$1,100 total so far so a bit leftover for incidentals.

The $1200 price point gets a bit tough to cover everything, and Marko has hit most of them.



I would add that IMO a battery monitor is nearly a necessity in a case like this, where there is no history or knowledge of how much total power is being used and where it is being used. Without it, it would still be flying blind and not knowing if you charged batteries fully, or not, if you have enough capacity of battery, charger, solar, if the alternator is doing a good job, etc. Even experienced RVers are often surprised at what they find out once the put in a monitor.


One possibility to consider would be to use the Bogart solar controller and monitor combination. It would be the PWM style controller but is linked to the monitor to precisely control the charging. IIRC they are a bit over $300 for the controller, monitor and shunt combo.



Also of concern, but a bit expensive to update (would go over the $1200 unless it replaced the solar, which is not a good idea) would be to get a better shore charger, if shore charging is for important charging which is likely. We had a Tripplite like is probably what is in the OP's van, and it did a very poor job of getting a two battery bank full charged, usually stopping at about 85% full. A Progressive Dynamics with Charge Wizard pendant is a good choice for well under $500. I think Marko has used some other units lately that do decent accuracy charging also if it is in the budget that are also reasonable. If a new charger is in installed, it would then be of need for an inverter for whatever load you would use it for. If it is just TV and audio stuff, a small standalone pure sine wave inverter is relatively cheap and much better than the modified sine wave one in the Tripplite.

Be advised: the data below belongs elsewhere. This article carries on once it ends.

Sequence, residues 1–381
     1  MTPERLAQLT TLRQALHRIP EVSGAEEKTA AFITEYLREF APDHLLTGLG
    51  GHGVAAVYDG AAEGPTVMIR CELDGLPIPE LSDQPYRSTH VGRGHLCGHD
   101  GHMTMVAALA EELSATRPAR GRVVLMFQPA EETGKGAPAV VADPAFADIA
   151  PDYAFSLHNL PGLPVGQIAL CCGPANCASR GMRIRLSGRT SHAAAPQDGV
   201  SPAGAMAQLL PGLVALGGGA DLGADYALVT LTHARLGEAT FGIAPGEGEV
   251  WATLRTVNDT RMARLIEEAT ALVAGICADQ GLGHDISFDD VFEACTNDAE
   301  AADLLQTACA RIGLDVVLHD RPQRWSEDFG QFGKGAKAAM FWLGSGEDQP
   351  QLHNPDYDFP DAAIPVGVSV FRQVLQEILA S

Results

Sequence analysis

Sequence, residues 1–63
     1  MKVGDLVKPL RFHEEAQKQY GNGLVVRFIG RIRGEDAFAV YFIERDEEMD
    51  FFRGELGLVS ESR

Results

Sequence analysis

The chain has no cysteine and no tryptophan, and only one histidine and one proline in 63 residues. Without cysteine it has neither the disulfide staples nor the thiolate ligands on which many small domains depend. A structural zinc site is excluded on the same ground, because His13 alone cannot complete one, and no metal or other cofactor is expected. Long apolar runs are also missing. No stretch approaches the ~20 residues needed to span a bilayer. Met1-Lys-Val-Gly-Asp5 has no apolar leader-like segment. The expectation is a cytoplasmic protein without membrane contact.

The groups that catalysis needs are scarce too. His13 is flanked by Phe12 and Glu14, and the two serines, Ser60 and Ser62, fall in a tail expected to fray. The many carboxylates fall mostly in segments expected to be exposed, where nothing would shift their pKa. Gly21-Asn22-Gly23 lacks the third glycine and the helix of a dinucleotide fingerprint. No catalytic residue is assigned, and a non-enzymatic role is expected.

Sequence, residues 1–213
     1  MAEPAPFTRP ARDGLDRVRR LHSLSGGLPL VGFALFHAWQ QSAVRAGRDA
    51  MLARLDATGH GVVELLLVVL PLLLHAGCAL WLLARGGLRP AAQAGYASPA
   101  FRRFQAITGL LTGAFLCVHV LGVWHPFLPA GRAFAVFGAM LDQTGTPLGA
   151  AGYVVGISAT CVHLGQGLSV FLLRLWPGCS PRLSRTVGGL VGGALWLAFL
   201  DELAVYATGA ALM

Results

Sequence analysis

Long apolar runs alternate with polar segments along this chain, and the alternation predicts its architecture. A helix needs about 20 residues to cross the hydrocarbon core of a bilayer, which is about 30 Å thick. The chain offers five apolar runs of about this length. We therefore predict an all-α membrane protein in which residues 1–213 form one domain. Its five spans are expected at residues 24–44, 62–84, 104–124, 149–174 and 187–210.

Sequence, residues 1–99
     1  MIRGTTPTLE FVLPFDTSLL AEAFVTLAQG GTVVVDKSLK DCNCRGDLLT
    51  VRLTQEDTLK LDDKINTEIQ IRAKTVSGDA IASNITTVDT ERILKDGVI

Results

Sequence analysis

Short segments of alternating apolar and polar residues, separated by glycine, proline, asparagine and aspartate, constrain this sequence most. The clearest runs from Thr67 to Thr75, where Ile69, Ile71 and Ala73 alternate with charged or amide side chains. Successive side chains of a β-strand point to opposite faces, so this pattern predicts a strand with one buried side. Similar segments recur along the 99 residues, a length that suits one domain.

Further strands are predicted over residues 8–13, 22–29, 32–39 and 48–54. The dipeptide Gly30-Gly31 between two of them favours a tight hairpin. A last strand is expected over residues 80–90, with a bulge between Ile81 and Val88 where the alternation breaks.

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Old 04-05-2020, 05:18 PM   #12
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I have a 2006 RT (Sprinter). The original battery configuration was one 12v at 90 Ah. I upgraded to the optional setup of two 6v in series at 235 Ah and it has made a world of difference. The battery space accommodates 2 of the duracels just fine. Finding space for 2 more would be a challenge, or cost valuable and scarce storage space.

It is important to understand off grid limiting factors. For us it is the 10 gallon black tank. 3 or 4 days and we need to get to a dump station. We also have generator to give a boost if needed.

We also added the Victron 712 and that has been a big help in understanding loads. Lastly I reset the combined charger/inverter (750w, modified sine wave) to charge only and added a 1500w pure sine wave inverter. Can now make coffee and run other items off the inverter that were not possible before. Now feel much more secure in boondocking.